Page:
I consult, write, and speak on running better technology businesses (tech firms and IT captives) and the things that make it possible: good governance behaviors (activist investing in IT), what matters most (results, not effort), how we organize (restructure from the technologically abstract to the business concrete), how we execute and manage (replacing industrial with professional), how we plan (debunking the myth of control), and how we pay the bills (capital-intensive financing and budgeting in an agile world). I am increasingly interested in robustness over optimization.

Wednesday, November 30, 2022

You should...

Our favorite craft brewer has a tap room. They never have more than a dozen beers on tap. They only serve their own brewed beers, never anything sourced from another producer. They have only marginal amounts of product distribution; for all intents and purposes, they sell only through their tap room. While they’ll fill a growler or crowler, they do not keep inventory in cans, only kegs. They turn over 2/3rds - maybe it’s 3/4ths, maybe it’s 7/8ths - of their taps seasonally, where a season might be as short as a month or as long as half a year, depending on the beer. They have a flat screen but never broadcast sports or politics, only streamed images of nature or trains or the like. They stream their own custom audio playlist to provide ambient noise.

They run the business this way because this is the business they want to run. They have direct access to 99.9% of their customers (not 100% as once it leaves the premises, the contents of a crowler could end up in anybody’s stomach…) They’re not committed to provide beer to other businesses on any kind of a product mix by volume, let alone date delivery schedule. They get to experiment with product, constantly. They don’t make what they sell, they sell what they make.

On any given day in the taproom, a customer will give them advice, a sentence that always begins with the words “you should.” Such as, “you should distribute this and that beer to these bars in Madison and Milwaukee - you’d sell 20x as much as you do in a single tap room.” Or, “you should have a small electric oven and sell food.” Or “you should have dozens of TVs with football and this place would be packed on weekends.”

They are every bit as good at customer interaction as they are with making and serving beer. They listen patiently, smile, and reply with “thank you, we’ll think about that.”

* * *

The software business has long been intertwined with management consulting to one degree or another. Decades ago, tech automated tasks that changed long standing business processes; management was fascinated as this made businesses more efficient. The dot-com era (followed by mobile, and shortly thereafter by social media) ushered in changes in corporate <— —> customer and —> employee interactions. The contemporary tech landscape (cloud, AI, distributed ledger tech) - and not for the first time in the history of tech - promises to “reinvent the business.” ‘Twas ever thus: tech has long been, and sought out as, a source of business advice.

On the whole, tech is not a source of bad advice. When tech gets close to a problem space, it brings a different and generally value generative solution. Why do that work manually when we can easily automate and orchestrate that? Why have this customer talk to that salesperson when the customer can do that for themselves 99% of the time? Why have people churn through that data when a machine can learn the patterns?

But sometimes, advice from tech is truly value destructive.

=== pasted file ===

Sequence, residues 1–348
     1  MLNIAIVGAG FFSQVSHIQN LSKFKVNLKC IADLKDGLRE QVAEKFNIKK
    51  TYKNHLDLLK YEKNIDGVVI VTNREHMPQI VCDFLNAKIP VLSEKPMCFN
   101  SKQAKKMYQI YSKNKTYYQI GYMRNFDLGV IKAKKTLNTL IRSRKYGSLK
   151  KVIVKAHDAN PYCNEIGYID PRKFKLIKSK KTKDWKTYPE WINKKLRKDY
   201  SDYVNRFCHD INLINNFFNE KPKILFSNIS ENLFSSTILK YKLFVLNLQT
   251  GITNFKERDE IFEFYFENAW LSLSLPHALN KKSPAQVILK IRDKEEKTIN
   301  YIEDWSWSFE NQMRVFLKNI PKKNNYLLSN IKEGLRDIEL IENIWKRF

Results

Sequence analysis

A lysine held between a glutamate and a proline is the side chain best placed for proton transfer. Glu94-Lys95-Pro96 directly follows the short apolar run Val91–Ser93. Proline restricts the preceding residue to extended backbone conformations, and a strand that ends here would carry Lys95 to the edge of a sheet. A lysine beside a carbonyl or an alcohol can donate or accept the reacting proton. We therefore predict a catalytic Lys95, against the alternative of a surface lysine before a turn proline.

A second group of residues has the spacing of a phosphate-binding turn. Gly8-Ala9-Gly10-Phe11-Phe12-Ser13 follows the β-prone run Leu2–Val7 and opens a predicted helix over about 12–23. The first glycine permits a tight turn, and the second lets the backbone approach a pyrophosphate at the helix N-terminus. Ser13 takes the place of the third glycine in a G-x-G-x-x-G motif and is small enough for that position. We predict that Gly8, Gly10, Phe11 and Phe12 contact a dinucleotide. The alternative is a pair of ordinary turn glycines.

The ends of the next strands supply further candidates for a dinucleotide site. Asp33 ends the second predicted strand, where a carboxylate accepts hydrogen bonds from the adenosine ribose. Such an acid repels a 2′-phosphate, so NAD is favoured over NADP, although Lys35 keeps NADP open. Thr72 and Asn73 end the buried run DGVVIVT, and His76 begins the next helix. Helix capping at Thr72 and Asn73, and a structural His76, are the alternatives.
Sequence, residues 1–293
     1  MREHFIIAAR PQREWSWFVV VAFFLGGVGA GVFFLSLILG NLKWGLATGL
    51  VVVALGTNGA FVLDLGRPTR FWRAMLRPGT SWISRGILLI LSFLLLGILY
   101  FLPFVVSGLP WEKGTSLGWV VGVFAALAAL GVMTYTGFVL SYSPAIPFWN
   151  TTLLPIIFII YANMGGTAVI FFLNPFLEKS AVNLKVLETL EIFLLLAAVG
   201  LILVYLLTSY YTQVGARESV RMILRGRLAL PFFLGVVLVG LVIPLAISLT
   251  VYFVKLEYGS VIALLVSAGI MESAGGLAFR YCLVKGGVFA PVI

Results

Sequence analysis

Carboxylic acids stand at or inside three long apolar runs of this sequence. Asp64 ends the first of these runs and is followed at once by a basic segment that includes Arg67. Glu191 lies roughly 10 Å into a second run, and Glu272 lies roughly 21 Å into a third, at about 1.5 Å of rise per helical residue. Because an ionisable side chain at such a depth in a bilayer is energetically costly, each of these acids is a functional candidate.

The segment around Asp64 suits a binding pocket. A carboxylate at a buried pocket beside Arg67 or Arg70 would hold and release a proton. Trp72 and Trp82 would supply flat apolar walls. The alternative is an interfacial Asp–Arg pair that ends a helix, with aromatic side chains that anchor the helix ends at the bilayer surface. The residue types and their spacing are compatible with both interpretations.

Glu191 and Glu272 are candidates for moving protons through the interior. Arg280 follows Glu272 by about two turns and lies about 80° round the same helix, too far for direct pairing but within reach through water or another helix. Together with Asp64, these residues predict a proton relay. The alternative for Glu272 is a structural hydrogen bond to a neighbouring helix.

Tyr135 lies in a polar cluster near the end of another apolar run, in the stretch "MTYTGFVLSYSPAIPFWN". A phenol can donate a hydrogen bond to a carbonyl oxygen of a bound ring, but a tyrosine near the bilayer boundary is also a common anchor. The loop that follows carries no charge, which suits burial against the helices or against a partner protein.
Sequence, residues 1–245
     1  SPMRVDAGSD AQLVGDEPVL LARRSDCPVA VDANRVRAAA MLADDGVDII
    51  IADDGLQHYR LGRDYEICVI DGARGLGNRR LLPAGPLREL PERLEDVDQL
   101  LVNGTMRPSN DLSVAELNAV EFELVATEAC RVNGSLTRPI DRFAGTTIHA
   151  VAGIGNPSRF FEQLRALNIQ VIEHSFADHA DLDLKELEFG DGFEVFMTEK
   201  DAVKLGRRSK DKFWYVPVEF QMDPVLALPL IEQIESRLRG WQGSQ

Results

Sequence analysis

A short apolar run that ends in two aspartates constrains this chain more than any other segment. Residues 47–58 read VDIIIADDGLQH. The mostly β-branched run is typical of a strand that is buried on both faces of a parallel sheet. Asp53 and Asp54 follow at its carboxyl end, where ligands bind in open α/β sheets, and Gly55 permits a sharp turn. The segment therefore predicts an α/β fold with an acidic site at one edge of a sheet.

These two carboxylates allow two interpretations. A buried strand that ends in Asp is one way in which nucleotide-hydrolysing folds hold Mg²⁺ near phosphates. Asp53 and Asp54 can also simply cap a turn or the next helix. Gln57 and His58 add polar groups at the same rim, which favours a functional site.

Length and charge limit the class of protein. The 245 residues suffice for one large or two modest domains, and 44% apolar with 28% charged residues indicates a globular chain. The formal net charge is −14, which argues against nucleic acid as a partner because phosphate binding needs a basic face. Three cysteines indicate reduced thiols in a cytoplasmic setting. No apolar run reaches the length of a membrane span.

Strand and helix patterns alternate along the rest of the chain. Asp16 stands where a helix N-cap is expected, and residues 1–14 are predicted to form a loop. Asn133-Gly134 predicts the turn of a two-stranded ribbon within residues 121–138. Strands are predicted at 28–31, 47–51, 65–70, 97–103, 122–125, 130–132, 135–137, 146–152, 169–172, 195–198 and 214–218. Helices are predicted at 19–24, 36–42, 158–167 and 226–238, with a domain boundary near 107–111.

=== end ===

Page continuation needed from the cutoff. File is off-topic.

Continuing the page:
I wrote about this some years ago, but standing next to me in the queue for a flight out of Dallas were a couple of logistics consultants lamenting the fact that a client had taken a tech consultancy’s advice and prioritized flexibility over volume in their distribution strategy. It sounds great in a windowless conference room: why let restaurants (who are 80% of the clientele) run out of branzino before the night is over? You should run a fleet of small delivery trucks to top up their stock of branzino for the night in near real time. Except, the distribution cost for a few branzino to that restaurant - even if we put it in a small truck with a few packages of great northern beans to the restaurant down the street and some basmati to a restaurant a few blocks away - is bloody expensive. The economics of distribution are based on volume, not flexibility. That restaurant will have to put a lot of adjectives in front of the noun to justify the cost of limited-supplied branzino on a Tuesday in November. ’tis far more economically efficient for the waitstaff to push the red snapper when the branzino runs out.

Another time, I was working with a manufacturer of very large equipment. The manufacturer sold through a dealer network. Dealers are given guidance from the manufacturer’s sales forecasting division as to the volume of each type of machine they should expect to sell in the next two years, by quarter. Dealers order machines with that guidance as an input (their balance sheet being another input), and over the course of time dealer orders get routed to a manufacturing plant to the dealer sales lot. The tech people couldn’t grok this. Manufacturing something without a specific end customer? You should have just-in-time manufacturing, so a customer order goes directly to a manufacturing facility. That way there is no finished goods inventory collecting dust on a dealer lot and the component supply chain can be somehow further optimized. Except, that exposes the manufacturer to demand swings. As it is, the manufacturer has hundreds of dealer P&Ls to which it can export its own P&L. They’ll build give or take 250,000 units of this model, and give or take 160,000 units of that model, and give or take 90,000 units of that other model, and 000,000s of all those other models, year in and year out, with minor modifications in major product cycles in an industry regulated by, among other things, emission standards. That’s a lot of machine volume, especially when there are dozens and dozens of models of tens of thousands of unit volume. The manufacturer has a captive dealer network that will buy 100% of what the manufacturer produces. The dealer network acts as a buffer on the manufacturer’s P&L: while the good years may not be maximally great for the manufacturer, the bad years aren’t too terribly bad, let alone event horizons on the income statement. That, in turn, creates consistency of cash flows for the manufacturer, which investors reward with a high credit rating, which makes debt more easily serviceable, which leaves money to reward equity holders. Just-in-time manufacturing exposes the manufacturer to end-customer market volatility, which would require a substantial change in capital structure, which would penalize both equity and debt holders. Markets go up, but markets also go down: minimizing the downside was of more value than maximizing the upside. Tech has known these swings (anyone remember the home computer revolution?), but the commercial landscape is so destructive, there is a lack of instititional memory.